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Figure 1. (A) LSEC were isolated as described in methods. Purity of LSEC was determined by uptake of AcLDL-Alexa-488 (5 µg/mL for 30 min) and staining for the endothelial cell specific antibody ME9F1 (kindly provided by A. Hamann, DRFZ, Berlin). Biotinylated ME9F1 was detected with streptavidin-allophycocyanin (1:200). LSEC cell preparations were stained with mAb specific for CD11c+ to exclude contamination with DC. LSEC cell preparations yielded more than 98% pure LSEC. (B) C57BL/6 mice were fed OVA for 1 day, and LSEC were isolated and incubated with OVA-specific H-2Kb–SIINFEKL-restricted B3Z cells. After 24 h, IL-2 concentrations in cell culture supernatants were determined by ELISA.

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Mechanisms of cross-presentation in LSEC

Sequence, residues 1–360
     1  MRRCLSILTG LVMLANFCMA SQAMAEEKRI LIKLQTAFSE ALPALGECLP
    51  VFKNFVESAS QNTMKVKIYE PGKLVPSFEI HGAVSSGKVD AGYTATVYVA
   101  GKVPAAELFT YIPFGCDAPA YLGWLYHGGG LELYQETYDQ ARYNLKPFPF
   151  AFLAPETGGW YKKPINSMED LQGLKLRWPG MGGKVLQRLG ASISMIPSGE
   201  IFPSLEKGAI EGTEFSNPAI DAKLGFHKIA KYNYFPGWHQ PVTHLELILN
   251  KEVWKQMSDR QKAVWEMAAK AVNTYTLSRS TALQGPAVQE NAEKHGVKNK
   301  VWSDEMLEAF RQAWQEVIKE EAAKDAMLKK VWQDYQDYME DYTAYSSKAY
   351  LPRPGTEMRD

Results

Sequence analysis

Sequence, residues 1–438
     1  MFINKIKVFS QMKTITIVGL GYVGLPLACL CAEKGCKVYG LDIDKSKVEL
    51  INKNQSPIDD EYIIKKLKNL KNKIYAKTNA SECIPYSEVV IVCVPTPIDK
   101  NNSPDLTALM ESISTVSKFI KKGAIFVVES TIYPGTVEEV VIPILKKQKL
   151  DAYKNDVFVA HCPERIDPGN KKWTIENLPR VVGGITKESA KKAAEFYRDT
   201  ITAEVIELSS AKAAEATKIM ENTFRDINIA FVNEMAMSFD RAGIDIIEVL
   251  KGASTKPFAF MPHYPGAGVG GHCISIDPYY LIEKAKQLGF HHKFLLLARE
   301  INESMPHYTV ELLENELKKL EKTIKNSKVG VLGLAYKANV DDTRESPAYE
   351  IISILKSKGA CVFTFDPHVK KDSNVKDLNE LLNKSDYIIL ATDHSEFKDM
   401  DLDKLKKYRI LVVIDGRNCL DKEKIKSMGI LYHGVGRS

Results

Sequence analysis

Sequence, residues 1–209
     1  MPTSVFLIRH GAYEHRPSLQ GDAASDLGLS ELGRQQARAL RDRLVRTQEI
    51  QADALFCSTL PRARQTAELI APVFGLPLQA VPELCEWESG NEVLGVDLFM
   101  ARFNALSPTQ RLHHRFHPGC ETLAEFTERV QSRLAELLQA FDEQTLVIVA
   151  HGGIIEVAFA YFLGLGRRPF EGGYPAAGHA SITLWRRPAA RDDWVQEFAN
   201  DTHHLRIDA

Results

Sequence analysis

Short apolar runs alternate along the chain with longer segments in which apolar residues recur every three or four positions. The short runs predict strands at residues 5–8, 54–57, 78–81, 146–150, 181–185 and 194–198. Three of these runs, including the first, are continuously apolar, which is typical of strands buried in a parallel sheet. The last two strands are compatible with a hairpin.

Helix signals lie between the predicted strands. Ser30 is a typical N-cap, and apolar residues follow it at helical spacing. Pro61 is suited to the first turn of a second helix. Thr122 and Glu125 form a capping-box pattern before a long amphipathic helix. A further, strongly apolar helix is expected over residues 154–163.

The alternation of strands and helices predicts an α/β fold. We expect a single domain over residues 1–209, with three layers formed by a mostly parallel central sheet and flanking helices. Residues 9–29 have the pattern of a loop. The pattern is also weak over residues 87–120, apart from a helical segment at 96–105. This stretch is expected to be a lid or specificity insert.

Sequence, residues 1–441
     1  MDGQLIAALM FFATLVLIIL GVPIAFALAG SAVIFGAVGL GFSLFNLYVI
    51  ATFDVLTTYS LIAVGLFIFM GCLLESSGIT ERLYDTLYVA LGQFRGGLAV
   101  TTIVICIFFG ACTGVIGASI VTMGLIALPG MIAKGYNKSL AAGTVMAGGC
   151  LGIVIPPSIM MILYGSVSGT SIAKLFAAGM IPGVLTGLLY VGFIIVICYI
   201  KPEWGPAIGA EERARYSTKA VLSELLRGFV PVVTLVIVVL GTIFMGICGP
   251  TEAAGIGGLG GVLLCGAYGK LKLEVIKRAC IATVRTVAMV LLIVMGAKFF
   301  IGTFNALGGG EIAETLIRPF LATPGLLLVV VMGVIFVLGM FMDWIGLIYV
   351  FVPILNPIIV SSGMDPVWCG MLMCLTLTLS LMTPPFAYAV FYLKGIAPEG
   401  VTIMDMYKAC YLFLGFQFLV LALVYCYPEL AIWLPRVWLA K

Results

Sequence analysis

The molecular mechanisms underlying cross-presentation have recently been elucidated in DC revealing a role for phagosome-ER fusion 20. Certain antigen modifications, such as immune complexation of antigen, improve cross-presentation in B cells as well as DC 21, 22, presumably as a result of receptor-mediated antigen uptake that may modify cellular localization of antigen compared to uptake by (macro)pinocytosis. However, immune complexation of antigen did not increase cross-presentation by LSEC any more (Fig. 2a), although LSEC express Fc receptors (data not shown and 23). Uptake of OVA into LSEC occurred exclusively by receptor-mediated endocytosis and involved mainly mannose and scavenger receptors (data not shown). Consequently, cross-presentation in LSEC critically depends on receptor-mediated endocytosis because blockade of mannose and scavenger receptors but not inhibition of macropinocytosis down-regulated cross-presentation (data not shown). Exposure of OVA to heat (90°C for 10 min) improved cross-presentation in LSEC to H-2Kb–SIINFEKL-specific CD8 T cells (Fig. 2a). The difference between heat-treated and native OVA persisted over a large range of antigen concentrations tested (Fig. 2b). Treatment of OVA with low pH (pH 3 for 10 min), likely to be encountered during gastric passage of food, improved cross-presentation by LSEC in a similar fashion (Fig. 2b). To exclude that improved cross-presentation was the result of increased antigen uptake, we heat-treated fluorochrome-labeled OVA and quantified uptake of native or heat-treated antigen into LSEC by flow cytometry. Clearly, heat treatment of antigen did not result in increased antigen uptake by LSEC (Fig. 2c). To investigate the relevance of heat treatment for antigen presentation in vivo, we injected mice i.v. with different concentrations of native or heat-treated OVA, subsequently isolated LSEC as well as splenic DC, and determined cross-presentation of these APC populations ex vivo. As expected, injection of decreasing concentrations of OVA led to a decline in cross-presentation by both LSEC and DC (Fig. 2d). In comparison to in vitro experiments, lower levels of IL-2 were observed in these experiments, which is presumably related to different kinetics of antigen uptake and degradation in LSEC in vivo. The injection of heat-treated OVA, however, dramatically improved cross-presentation by LSEC but not by DC (Fig. 2d). These results support the notion that modified antigens are preferentially cross-presented in vivo by LSEC but not DC.